For the second time I had the opportunity to sit through a session taught by Rob Lee. If you have not had the chance to learn from Rob or hear him speak you are missing out. The crowds seem to follow Rob and this session was no different. Within minutes the largest session room at the conference was full and people were sitting in the back of the room.
Rob started off by talking about what forensic investigators needs to accomplish before they can be proficient in advanced time line analysis. For the second day in a row I give my quote of the day to Rob. He used the phrase “conversational forensics”. I knew exactly what he meant by that phrase before he defined it. “Conversational Forensics” means you have the ability to talk shop with someone else in this industry with ease and fluently. If you were to start talking about a case you were having issues with, would you be able to explain where you have looked within the case and have a conversation about specific prefetch files, .lnk files, or user assist files? Until you can freely converse with forensic terms, with the ability to walk or talk through a specific case, you would not have the skill set of “conversational forensics”. This tidbit is neither here nor there, but it gives you an idea of how much knowledge you really do need to perform advanced time line analysis.
To be successful with advanced time line analysis Rob believes you need to be proficient in three areas:
file system data
When you are dealing with logs from a system or server it can feel overwhelming when you pull it up for the first time. If you have seen 2-5GB log file you know what I mean. Trying to find time stamps and files involved with your investigation is like trying to find 2-5 specific grains of sand on a beach. Since there is a vast amount of data to be sorted through it is a good idea to find a “pivot point”. This pivot point could be a point in time or event, but it will give you somewhere to start. Examples of a pivot points maybe:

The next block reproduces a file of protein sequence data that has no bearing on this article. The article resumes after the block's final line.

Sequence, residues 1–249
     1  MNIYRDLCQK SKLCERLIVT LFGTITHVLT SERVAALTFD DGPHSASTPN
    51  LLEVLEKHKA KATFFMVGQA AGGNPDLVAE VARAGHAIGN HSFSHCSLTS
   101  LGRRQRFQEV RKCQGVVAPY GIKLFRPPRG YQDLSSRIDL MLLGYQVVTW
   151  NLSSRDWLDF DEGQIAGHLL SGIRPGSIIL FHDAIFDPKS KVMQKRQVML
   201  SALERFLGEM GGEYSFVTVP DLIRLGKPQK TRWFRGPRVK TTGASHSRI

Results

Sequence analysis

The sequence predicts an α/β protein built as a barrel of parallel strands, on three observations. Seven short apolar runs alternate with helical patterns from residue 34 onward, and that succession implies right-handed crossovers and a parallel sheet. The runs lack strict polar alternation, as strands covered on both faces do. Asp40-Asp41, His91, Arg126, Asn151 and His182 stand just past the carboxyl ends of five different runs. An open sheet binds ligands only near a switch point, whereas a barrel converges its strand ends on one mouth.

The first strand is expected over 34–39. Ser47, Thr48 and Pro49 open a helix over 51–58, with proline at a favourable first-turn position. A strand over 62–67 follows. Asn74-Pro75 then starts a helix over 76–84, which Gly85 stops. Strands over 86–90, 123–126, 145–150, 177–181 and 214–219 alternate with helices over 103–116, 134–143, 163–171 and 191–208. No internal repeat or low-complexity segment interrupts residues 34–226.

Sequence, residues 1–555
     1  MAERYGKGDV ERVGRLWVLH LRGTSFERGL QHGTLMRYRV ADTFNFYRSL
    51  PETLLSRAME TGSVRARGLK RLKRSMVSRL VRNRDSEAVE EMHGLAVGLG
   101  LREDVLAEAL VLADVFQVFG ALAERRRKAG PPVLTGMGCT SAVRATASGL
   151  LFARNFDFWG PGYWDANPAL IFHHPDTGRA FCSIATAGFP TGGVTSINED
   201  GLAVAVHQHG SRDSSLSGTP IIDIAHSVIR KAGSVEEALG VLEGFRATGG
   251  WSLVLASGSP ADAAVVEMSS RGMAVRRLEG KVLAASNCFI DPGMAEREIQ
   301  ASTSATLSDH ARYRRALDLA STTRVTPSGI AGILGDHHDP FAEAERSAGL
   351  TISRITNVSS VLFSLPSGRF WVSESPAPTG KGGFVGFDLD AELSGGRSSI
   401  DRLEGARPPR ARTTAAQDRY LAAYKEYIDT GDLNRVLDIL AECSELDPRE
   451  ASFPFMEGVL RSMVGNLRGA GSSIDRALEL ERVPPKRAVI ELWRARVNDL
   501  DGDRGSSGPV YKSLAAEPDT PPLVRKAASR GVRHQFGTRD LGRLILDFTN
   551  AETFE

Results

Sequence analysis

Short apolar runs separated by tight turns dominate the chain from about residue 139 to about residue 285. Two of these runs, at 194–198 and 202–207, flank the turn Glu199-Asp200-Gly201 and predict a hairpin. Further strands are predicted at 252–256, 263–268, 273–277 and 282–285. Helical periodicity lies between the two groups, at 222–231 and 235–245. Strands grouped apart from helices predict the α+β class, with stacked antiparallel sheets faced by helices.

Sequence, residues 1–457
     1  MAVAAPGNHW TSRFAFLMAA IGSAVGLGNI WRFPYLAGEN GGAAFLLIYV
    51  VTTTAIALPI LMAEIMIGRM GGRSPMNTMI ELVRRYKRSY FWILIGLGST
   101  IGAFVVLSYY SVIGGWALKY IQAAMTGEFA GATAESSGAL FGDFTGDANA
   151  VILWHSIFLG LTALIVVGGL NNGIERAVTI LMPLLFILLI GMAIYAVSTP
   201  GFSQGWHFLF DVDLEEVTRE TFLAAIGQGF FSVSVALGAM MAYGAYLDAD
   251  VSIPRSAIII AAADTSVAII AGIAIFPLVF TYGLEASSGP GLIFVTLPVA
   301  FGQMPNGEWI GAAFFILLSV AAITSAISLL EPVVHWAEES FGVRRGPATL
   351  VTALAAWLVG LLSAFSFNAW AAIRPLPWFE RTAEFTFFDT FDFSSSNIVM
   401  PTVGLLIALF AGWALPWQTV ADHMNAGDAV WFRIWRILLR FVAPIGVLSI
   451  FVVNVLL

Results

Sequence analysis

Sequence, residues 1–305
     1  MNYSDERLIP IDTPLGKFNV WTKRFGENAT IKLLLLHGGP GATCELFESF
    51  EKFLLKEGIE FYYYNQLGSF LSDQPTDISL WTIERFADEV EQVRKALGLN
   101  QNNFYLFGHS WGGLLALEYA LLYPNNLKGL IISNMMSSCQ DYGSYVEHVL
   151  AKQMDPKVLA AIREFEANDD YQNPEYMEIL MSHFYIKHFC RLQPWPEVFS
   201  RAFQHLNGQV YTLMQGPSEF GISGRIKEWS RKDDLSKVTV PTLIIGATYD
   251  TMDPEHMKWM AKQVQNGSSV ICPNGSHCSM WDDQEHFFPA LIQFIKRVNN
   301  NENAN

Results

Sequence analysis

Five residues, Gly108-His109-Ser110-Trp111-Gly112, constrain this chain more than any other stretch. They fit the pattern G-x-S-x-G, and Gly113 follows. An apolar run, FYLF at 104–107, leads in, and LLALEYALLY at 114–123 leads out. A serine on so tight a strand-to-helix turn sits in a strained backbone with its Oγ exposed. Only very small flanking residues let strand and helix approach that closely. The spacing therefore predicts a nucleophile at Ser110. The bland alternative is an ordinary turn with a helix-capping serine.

Time of an incident
Network activity (specific packets leaving)
Process Activity aka Memory Analysis
Name of a File – ex: topsecret.pdf
Type of File lost or accessed
Activity – USB keys, downloads, or file wiping
With regards to file wiping, food for thought here, How do you wipe the WIPER? I ask this because Rob explained very well that anti forensics will always exist, but they cover all of there tracks. Even the most advanced adversaries can’t hide everything perfectly.
Once you have your “Pivot Point” there are several steps you can follow to make your job easier. First you need to determine the scope of your investigation, narrow your pivot points, determine best practice, filter your timeline, and finally analyze the time line. If you don’t have a time line analysis tool Rob suggested log2timeline. Just google it and you’ll find it. As a teaser he also mentioned that the new SIFT workstation may have these tools sometime soon.
Once you feel you have found your data you need to prove, or show, 4 things. The date of involvement, artifact involved, the action of the artifact, and the source of the data artifact. This will ensure that you can explain where, what, and how this happened.
If you were looking for a breach where top secret files were loaded onto a USB drive by a current employee you can obtain certain information to start your analysis. When was this first seen and how does that line up with this users login stamps? You can than boil this down more by finding user assist entries (executable) along with USB keys. When you can determine a time where a USB was inserted and logged to the system you can look for LNK entries that show your specific files being opened.
By no means is this blog going to provide as much detail as Rob did, but it gives you an idea of the complexity of timeline analysis and the knowledge it takes to think outside the box and find that single grain of sand for your investigation.
Computer/ Mobile Forensic Examiner